WARNING: This article contains SPOILERS for A Haunting in Venice.
- Katherine, Hercule Poirot’s first wife and great love, haunts him throughout A Haunting in Venice, impacting his relationships and beliefs.
- Katherine died in a train accident while on her way to visit Poirot in the hospital, leaving him closed off from love and full of guilt.
- Poirot’s personal isolation and lack of faith in the afterlife stem from the loss of Katherine and his belief that everyone he loves dies.
While Hercule Poirot encounters a number of spooky specters in A Haunting In Venice, the ghost that haunts him the most is a woman from his past named Katherine. In the latest Kenneth Branagh adaptation of an Agatha Christie novel, Michelle Yeoh’s fraudulent medium Joyce Reynolds attempts to flex her perceptive powers by discussing Poirot’s past ties to death, and she name-drops “Katherine”. To viewers who did not see Branagh’s previous Poirot movie Death on the Nile, the mention of Katherine can be confusing.
One of the most significant differences between Agatha Christie’s original vision of Hercule Poirot and Kenneth Branagh’s cinematic interpretation is his past. Branagh’s version is a WWI vet who still bears many of the emotional scars that came from his horrific experience in the trenches. However, there is one entity from his past that haunts him more than any resurgent memories — Katherine. Despite the namedrop, Katherine is not part of A Haunting in Venice‘s cast of characters.
Katherine Is From Hercule Poirot’s Past & His First Love
The Katherine that Joyce Reynolds refers to in A Haunting In Venice is Katherine Poirot — Hercule’s first wife and his great love. Katherine is long dead by the time the movies catch up with the world-famous detective, but her memory hangs over him like a shroud, impacting his relationships with others and his personal beliefs. Since Katherine passed, Poirot has never allowed himself to truly love again, choosing instead to immerse himself in his detective work.
Katherine appears briefly in an old photo in Murder On the Orient Express, but she gets a proper introduction in the flashback prologue of Death on the Nile. It features a young Hercule Poirot in action during WWI, showcasing his powers of deduction to save many lives in combat. However, a triggered booby trap results in facial scarring for Poirot, and he is visited by his fiancee, Katherine while recovering from his injuries. It is in fact Katherine who suggests that he grow a mustache to hide his scars, which becomes the origin of his iconic upturned facial hair.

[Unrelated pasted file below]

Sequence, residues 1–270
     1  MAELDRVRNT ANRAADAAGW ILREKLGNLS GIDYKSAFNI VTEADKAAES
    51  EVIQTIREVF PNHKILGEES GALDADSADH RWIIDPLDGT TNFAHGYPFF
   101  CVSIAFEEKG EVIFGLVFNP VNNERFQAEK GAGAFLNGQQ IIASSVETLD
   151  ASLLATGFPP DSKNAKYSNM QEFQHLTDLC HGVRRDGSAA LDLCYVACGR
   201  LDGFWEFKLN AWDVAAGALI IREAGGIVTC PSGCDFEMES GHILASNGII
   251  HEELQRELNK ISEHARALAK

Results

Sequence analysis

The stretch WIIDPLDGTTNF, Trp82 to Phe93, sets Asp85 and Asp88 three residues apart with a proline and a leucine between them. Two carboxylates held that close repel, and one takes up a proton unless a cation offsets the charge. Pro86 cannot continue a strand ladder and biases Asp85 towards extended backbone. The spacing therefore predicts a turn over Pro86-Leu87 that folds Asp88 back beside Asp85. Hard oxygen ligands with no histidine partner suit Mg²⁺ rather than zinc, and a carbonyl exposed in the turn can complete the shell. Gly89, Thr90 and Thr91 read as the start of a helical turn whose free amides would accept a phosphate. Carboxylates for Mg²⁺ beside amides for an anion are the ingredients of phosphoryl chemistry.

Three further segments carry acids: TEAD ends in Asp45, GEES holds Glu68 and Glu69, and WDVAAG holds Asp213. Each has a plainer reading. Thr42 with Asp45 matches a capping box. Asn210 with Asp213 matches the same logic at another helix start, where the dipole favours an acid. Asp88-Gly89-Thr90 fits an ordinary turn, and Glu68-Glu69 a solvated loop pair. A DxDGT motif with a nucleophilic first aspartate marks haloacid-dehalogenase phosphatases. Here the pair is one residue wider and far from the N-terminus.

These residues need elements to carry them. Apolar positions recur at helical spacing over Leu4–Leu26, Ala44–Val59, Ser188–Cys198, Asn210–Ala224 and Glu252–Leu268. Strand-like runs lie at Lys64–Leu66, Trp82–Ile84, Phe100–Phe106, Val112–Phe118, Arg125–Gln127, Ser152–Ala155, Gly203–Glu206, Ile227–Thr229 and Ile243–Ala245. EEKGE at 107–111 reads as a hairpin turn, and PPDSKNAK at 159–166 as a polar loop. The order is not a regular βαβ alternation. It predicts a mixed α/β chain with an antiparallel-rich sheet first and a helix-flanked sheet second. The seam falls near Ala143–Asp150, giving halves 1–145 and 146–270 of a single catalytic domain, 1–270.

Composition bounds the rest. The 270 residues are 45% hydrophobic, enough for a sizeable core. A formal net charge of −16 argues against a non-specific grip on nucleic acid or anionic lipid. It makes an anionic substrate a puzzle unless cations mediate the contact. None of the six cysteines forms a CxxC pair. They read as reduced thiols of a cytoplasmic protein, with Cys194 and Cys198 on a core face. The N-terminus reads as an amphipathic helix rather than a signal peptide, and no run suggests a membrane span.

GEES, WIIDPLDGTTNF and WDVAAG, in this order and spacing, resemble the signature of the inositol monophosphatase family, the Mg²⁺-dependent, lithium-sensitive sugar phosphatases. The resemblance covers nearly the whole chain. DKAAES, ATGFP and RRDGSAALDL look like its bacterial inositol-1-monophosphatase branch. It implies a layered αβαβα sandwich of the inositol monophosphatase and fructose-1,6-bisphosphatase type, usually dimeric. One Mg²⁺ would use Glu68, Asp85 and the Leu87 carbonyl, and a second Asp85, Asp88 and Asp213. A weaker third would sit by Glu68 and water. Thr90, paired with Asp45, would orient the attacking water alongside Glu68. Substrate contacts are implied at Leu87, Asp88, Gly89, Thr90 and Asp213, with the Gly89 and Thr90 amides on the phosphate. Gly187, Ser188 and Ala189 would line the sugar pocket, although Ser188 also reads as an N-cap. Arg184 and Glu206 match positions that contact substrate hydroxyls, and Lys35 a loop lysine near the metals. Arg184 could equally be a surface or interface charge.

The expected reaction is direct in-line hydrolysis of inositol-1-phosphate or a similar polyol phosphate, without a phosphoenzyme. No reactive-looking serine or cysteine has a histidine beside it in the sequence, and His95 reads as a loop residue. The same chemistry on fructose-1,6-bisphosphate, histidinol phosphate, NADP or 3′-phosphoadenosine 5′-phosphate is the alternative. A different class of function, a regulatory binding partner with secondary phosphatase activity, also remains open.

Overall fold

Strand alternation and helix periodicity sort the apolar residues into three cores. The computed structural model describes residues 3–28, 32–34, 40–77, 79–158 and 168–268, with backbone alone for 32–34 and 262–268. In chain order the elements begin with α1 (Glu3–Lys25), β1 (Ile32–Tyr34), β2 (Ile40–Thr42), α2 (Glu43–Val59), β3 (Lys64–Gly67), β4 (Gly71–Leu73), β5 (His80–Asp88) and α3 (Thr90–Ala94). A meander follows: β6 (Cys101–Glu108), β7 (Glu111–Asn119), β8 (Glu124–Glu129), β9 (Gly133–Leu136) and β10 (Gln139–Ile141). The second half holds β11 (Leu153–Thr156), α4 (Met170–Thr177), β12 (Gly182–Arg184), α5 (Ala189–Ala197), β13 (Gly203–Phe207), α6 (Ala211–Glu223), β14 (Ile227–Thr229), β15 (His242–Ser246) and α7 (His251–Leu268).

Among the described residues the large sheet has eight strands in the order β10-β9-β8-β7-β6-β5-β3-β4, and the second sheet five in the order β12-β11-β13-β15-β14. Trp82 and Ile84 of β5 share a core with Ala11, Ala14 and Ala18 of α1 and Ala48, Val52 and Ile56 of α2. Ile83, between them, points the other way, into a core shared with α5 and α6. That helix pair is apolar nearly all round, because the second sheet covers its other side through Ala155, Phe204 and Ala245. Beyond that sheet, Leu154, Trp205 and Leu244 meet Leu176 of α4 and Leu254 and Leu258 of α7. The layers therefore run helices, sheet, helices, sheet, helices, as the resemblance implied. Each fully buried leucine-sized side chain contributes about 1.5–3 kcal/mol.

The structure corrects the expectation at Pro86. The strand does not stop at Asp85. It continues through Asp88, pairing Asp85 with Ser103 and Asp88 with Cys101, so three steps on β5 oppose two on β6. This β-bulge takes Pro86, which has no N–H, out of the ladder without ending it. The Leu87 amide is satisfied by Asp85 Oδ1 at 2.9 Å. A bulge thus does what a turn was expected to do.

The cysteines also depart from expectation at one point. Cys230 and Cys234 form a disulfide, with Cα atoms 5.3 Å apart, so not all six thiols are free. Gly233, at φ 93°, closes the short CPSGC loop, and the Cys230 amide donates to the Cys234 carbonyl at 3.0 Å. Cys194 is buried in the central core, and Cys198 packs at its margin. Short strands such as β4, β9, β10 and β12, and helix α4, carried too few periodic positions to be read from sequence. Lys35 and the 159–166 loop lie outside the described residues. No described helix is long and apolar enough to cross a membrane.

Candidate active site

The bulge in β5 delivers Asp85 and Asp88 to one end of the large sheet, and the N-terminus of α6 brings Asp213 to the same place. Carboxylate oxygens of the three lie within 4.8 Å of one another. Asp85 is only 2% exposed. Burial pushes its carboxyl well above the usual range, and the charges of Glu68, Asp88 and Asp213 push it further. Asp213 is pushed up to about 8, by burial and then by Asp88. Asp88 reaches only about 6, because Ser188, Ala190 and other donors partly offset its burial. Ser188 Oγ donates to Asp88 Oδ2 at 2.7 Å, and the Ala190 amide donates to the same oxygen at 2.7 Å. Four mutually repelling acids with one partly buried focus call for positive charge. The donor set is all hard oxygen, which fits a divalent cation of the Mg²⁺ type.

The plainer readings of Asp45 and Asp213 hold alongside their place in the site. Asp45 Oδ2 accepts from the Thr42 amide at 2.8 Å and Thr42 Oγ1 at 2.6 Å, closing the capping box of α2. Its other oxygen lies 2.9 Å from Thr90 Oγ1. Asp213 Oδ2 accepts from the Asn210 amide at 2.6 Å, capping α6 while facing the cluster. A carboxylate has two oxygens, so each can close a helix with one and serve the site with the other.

Death On The Nile Revealed How Katherine Died
While she is only briefly mentioned in A Haunting In Venice, Katherine’s memory is much more prevalent in Death On the Nile. The origin story of Poirot’s mustache provides information on Katherine’s backstory as well, including the circumstances of her death. Katherine was actually on her way to visit Poirot in the hospital as he continued to recover from his injuries when she died in a train accident. Once his great love was lost, Poirot resolved that he had loved enough for one life, and closed himself off from the prospect of further love in his life.
Katherine’s death is featured in Death On the Nile to highlight the fact that Poirot has no interest in more in-depth relationships. It’s further emphasized by the fact that Poirot loses his good friend Bouc during the events of the movie. While at the end of Death On the Nile he shaves his mustache, symbolically opening himself up to the possibility of love, it’s clear that the wounds inflicted on his soul by Katherine’s passing are not closed in A Haunting In Venice.
A Haunting In Venice Proves Hercule Poirot Is Still Haunted By Katherine’s Death
While Katherine is only briefly mentioned in A Haunting In Venice, she still looms large in Poirot’s motivations throughout the movie. Part of the reason Poirot is so dead-set on proving Joyce Reynolds is a fraud is because it would destroy his personal beliefs–or lack thereof — in regards to what happens after death. The loss of Katherine, combined with his experience in WWI and the many murders he’s solved, left Poirot with no faith whatsoever — not in God, not in the afterlife, and certainly not in the ability to communicate with the dead.
Perhaps even more significant than the impact Katherine’s death had on Poirot’s belief system is the long-lasting effect it had on his overall personality in the Kenneth Branagh Hercule Poirot movies Because Katherine died in an accident on her way to see Poirot in the hospital, he blames himself for her death. That guilt, combined with the loss of his friend Bouc in Death on the Nile, convinces Poirot that everyone he loves dies. His mustache has returned by the time the events of A Haunting In Venice occur, and with it, Poirot’s personal isolation is a direct result of the terrible loss of his one true love.